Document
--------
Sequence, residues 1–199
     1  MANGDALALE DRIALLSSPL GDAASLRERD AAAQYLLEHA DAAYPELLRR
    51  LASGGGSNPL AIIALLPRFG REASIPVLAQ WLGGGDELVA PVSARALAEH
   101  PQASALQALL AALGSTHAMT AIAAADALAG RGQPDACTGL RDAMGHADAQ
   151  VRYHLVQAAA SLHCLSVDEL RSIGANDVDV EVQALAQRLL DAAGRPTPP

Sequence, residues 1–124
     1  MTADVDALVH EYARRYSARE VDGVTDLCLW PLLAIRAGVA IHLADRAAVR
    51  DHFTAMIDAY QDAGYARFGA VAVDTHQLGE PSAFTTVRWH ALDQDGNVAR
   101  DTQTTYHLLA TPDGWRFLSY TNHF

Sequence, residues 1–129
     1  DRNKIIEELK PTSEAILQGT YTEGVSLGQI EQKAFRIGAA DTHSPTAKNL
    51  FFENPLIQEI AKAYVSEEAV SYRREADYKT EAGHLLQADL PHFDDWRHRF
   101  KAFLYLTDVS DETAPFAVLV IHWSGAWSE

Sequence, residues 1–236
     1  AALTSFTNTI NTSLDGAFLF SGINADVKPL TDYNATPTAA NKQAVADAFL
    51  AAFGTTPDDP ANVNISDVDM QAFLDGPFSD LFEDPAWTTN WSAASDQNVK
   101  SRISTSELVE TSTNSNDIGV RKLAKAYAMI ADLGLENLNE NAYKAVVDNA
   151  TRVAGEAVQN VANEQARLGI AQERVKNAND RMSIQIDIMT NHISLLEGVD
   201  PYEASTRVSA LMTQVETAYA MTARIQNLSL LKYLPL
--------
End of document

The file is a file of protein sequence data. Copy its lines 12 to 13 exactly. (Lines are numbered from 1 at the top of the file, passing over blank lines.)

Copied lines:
    51  FFENPLIQEI AKAYVSEEAV SYRREADYKT EAGHLLQADL PHFDDWRHRF
   101  KAFLYLTDVS DETAPFAVLV IHWSGAWSE